ELO on Reel-to-Reel: No Answer and Electric Light Orchestra II were both available through normal music shops, manufactured by Magtec for United Artists Tapes. UA's suggested retail price of $7.98 for the reel-to-reel tape of Electric Light Orchestra II (one dollar more than the 8-track and cassette, and $2 more than the LP) was first listed in Billboard on July 28, 1973. (During the release of No Answer all three pricings columns in Billboard were blank, meaning that United Artists had not made a price recommendation.) The Magtec version of Electric Light Orchestra II (UST 040-C) was manufactured to be played at 7 1/2 inches/second, while the Columbia House version (UST 40, CRC's first ELO reel tape) played at 3 3/4 inches/second.
On December 29, 1973, when On The Third Day debuted at number 121 on the Billboard charts, it included a suggested price of $11.98 for a reel-to-reel tape. So, a tape edition was probably planned, but it never came out. Because of CRC's eventual reel tape monopolization and its decision to only release the most popular albums in this format, reel tapes of Eldorado, Face The Music and Olé ELO were also not released.
A New World Record, Out of the Blue, Discovery and ELO's Greatest Hits were all released on reel tapes. Neither UA nor CBS offered suggested retail prices in Billboard for these reel tapes because they were all CRC record club exclusives in this waning format, which had no further ELO releases as it faded into obsolescence.
The actual release dates of these reels remains unclear. Reels were typically released "later" after the other formats, as record companies wanted to see if the releases would be popular and reasonable sellers. The releases were probably weeks or months after the releases of the vinyl LPs and other tape formats. It remains nearly impossible to pinpoint actual release dates. The non-Columbia House releases of No Answer and Electric Light Orchestra II may have been released on the same day as the vinyl LPs, as this format was a normal format at the time.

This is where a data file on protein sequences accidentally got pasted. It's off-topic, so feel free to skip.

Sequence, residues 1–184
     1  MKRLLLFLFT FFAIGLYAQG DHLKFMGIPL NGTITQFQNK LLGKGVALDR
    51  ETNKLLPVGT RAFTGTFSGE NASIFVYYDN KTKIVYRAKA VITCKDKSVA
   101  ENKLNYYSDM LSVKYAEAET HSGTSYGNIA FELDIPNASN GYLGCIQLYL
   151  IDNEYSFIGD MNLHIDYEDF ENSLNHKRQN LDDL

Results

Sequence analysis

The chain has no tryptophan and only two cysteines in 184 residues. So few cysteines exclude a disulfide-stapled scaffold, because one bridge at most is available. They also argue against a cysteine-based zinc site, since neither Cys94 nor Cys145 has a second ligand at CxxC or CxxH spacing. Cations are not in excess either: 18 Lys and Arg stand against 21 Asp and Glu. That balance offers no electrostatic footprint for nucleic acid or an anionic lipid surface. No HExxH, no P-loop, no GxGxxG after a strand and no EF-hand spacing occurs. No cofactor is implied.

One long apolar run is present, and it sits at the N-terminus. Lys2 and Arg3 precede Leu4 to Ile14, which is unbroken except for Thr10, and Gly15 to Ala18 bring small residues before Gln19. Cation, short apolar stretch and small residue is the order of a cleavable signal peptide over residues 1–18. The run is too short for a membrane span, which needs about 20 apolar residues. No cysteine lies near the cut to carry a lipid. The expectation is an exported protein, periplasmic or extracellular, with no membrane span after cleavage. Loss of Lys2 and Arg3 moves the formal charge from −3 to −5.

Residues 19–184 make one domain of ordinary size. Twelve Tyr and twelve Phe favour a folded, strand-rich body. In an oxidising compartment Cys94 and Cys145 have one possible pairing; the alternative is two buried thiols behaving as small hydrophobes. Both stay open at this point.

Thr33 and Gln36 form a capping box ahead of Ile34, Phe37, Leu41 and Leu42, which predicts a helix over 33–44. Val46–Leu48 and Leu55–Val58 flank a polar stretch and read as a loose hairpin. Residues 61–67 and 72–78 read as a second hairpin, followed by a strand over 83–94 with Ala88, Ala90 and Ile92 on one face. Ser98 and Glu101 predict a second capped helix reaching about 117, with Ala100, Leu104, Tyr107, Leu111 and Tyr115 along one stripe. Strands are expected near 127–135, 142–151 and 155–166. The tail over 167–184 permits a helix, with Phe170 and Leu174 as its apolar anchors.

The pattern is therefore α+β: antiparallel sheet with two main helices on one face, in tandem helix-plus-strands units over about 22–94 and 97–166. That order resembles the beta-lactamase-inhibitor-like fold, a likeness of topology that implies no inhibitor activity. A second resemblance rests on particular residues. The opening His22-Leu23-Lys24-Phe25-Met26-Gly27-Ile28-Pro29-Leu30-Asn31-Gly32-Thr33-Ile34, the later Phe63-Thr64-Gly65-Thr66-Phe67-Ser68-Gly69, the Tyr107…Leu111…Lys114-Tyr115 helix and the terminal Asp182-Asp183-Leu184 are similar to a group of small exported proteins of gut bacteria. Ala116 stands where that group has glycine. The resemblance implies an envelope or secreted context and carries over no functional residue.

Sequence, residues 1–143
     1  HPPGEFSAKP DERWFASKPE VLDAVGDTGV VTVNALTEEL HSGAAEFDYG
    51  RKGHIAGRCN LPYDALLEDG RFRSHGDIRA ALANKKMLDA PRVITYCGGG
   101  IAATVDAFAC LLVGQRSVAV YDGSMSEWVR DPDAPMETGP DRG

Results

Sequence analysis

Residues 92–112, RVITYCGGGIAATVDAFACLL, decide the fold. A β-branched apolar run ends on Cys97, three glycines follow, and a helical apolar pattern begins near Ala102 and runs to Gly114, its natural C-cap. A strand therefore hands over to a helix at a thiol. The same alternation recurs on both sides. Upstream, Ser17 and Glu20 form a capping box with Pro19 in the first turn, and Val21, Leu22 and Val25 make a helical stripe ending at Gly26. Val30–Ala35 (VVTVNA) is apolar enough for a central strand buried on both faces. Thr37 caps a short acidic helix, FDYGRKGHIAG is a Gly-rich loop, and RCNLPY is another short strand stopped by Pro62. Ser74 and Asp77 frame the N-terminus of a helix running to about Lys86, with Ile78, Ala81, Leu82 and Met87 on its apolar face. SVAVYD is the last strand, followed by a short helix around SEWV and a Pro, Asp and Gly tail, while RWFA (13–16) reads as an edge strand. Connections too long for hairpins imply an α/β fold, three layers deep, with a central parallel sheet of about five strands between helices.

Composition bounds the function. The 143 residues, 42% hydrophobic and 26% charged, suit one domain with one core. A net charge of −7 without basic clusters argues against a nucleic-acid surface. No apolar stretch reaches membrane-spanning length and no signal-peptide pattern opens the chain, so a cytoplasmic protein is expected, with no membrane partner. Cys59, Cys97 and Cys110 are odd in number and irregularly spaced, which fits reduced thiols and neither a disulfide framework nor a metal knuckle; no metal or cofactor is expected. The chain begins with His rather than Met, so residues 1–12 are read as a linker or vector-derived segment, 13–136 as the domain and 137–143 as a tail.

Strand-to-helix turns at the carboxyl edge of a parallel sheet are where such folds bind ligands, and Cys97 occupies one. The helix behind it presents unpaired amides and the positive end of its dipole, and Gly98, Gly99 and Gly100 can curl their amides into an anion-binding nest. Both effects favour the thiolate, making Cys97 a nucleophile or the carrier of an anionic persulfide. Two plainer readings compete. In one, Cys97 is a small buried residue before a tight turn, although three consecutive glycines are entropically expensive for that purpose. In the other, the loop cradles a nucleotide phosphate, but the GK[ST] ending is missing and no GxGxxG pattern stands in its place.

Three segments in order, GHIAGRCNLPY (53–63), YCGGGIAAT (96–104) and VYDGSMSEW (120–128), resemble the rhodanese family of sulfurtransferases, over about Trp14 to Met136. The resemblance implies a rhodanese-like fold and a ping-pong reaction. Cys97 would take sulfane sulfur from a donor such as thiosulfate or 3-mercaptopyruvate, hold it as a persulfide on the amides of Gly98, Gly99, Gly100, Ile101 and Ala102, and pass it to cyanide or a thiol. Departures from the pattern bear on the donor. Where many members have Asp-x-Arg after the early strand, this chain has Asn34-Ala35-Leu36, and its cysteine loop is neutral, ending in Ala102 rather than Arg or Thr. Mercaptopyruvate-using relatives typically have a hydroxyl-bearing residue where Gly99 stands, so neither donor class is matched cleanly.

The music on the reels is exactly the same as the vinyl LPs, with no as yet unidentified changes. Indeed, most of the reels were likely created directly from the LP masters, with no changes at all.
From 1980 only selected titles were to appear on reel-to-reel tape. Xanadu was an MCA product and therefore maybe not easy for Columbia to get a license. Time was also not in the selection.
Thus ends the publication history of E.L.O.'s pre-recorded reel-to-reel tapes. From time to time they appear well cared for on eBay. Since buyers in the 1970s had to dig deeper into their pockets and listening to it was like a small celebration, it was clear that the tapes were almost always just neatly arranged on the shelves. That explains the good condition of almost all offered reel-to-reel tapes
There were reports of an unmarked Face The Music reel-to-reel appearing at one time, with some unique versions of the songs, but this is now believed to be a simple self-made recording of the vinyl LP (with some carefully done edits) and not any sort of official release.
Thus ends the publication history of ELO's pre-recorded reel-to-reel tapes. From time to time they appear well-cared-for on eBay. Since buyers in the 1970s had to dig deeper into their pockets and listening to them was like a small celebration, it is clear that the tapes were almost always kept neatly arranged on the shelves. That explains the good condition of almost all offered reel-to-reel tapes.
This page is intended to be a complete record of Electric Light Orchestra's USA reel-2-reel tape releases. If you notice any errors or omissions, please contact me at firstname.lastname@example.org and let us know. We strive for accuracy.
Patrik Guttenbacher & Robert Porter